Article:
The BIM Manager’s Handbook: Guidance for Professionals in Architecture, Engineering, and Construction


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The Rise and Rise of BIM

BIM use has been expanding continuously since 2003,1 making BIM Management a moving target. Back then, BIM became the accepted industry acronym for a range of descriptions such as Virtual Design & Construction (VDC), Integrated Project Models, or Building Product Models. Until that point, different software developers had branded their tools with these varying acronyms, while essentially talking about the same object-oriented modeling approach that was first introduced to a wider audience by Chuck Eastman in the mid-1970s. Around 2002–2003, it was AEC Industry Analyst Jerry Laiserin2 who played a pivotal role in promoting the single use of the acronym “BIM” which had been coined by G.A. van Nederveen and Tolman in 19923 and which later became the preferred definition of Autodesk’s Phil Bernstein. It was the starting point for an industry-wide journey to holistically address planning, design, delivery, and operational processes within the building lifecycle. This journey raises a great number of culturally sensitive and professionally relevant issues: By nature a disruptive process, the adoption of BIM overturns decades of conventions related to the interplay between architects, engineers, contractors, and clients. BIM Managers are drawn right into the center of these changes in practice. Despite the clarity about BIM’s origin, there is no clear starting point to the commercial breakthrough of BIM; conceptually, BIM dates back to the early 1970s with the introduction of mainframe computers.4 Some of the key BIM software platforms in use today have their origins in these early developments. The increase in processing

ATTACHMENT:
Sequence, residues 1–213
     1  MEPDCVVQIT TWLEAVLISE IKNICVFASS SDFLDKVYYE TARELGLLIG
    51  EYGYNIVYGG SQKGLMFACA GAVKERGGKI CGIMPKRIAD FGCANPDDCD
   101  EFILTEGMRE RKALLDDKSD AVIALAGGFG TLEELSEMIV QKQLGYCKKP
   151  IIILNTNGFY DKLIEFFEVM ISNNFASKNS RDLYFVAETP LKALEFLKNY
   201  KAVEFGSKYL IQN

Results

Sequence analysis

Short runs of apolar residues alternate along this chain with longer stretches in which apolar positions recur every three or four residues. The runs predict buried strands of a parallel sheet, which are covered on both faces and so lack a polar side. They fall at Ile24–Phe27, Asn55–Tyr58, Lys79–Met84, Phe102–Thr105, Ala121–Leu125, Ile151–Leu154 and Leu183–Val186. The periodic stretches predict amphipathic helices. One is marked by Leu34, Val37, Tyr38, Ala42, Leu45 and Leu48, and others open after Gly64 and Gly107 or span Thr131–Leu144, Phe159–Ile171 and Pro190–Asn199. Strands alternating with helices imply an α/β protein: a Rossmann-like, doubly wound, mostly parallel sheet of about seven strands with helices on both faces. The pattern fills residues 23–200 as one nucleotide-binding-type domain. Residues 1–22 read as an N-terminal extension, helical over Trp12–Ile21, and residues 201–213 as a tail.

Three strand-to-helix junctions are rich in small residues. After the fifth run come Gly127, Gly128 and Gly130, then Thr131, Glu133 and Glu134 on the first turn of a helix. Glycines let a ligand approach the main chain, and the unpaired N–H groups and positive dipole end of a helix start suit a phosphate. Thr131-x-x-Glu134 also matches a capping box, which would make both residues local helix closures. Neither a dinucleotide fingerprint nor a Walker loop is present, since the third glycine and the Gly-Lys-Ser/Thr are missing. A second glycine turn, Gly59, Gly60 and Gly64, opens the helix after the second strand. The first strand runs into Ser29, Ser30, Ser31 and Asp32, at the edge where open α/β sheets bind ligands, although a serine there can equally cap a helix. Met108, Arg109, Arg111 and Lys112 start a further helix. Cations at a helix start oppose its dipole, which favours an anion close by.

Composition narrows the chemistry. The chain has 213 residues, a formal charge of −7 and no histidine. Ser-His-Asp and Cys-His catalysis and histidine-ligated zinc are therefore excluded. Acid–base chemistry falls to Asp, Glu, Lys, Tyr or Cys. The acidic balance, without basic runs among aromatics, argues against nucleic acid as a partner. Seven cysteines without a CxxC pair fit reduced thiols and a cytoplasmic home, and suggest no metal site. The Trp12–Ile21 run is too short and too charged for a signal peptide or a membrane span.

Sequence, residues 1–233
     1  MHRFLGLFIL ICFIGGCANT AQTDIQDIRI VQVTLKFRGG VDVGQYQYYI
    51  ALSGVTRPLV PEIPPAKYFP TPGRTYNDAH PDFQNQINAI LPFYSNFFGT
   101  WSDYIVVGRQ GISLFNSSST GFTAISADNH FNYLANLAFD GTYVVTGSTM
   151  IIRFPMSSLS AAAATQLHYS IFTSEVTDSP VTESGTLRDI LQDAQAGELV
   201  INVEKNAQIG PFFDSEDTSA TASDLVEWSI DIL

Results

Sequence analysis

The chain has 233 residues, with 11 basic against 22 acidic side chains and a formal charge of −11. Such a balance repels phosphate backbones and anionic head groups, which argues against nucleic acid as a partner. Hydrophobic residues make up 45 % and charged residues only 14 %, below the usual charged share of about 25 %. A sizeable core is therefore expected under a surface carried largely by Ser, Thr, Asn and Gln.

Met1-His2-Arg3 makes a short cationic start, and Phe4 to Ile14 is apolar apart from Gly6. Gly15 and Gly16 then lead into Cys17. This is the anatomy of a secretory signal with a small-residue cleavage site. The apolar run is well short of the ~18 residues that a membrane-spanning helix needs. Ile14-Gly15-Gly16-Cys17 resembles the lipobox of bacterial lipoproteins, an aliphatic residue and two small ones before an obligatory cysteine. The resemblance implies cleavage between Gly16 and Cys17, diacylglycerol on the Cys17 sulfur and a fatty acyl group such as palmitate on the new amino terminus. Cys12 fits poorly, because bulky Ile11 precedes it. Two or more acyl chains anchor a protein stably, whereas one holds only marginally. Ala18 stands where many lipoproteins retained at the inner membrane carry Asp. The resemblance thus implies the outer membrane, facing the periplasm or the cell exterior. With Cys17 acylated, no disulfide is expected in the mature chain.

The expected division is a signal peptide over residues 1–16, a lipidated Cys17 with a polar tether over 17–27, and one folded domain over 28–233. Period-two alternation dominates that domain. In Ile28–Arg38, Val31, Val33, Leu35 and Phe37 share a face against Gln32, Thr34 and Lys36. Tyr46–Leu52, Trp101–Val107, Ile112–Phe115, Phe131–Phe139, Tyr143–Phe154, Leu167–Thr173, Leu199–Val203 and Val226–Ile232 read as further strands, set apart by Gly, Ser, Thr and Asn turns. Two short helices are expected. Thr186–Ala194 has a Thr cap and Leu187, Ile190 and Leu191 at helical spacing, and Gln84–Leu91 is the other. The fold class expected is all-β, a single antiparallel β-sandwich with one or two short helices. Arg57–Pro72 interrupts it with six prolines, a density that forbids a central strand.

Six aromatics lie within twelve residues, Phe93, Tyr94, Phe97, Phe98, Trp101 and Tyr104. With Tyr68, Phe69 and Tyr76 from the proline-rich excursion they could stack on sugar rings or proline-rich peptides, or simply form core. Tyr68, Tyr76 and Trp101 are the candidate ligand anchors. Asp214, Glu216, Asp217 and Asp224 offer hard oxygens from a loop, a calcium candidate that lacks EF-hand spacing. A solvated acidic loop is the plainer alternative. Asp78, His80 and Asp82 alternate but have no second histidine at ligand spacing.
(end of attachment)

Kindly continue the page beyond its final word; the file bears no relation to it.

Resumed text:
Defining Good, or Even “Best Practice,” BIM

The term “Building Information Modeling” has remained of such a generic nature that interpretations about its meaning are vast and many. Some see “Modeling” as a verb, describing the activity of generating, assembling, and coordinating virtual building information.11 Others refer to BIM as “a model” of building information, either in terms of geometric components, data, or a mix between the two. Considering the vast differences in defining BIM itself one needs to wonder if it is possible to define good BIM, or even “best practice” BIM


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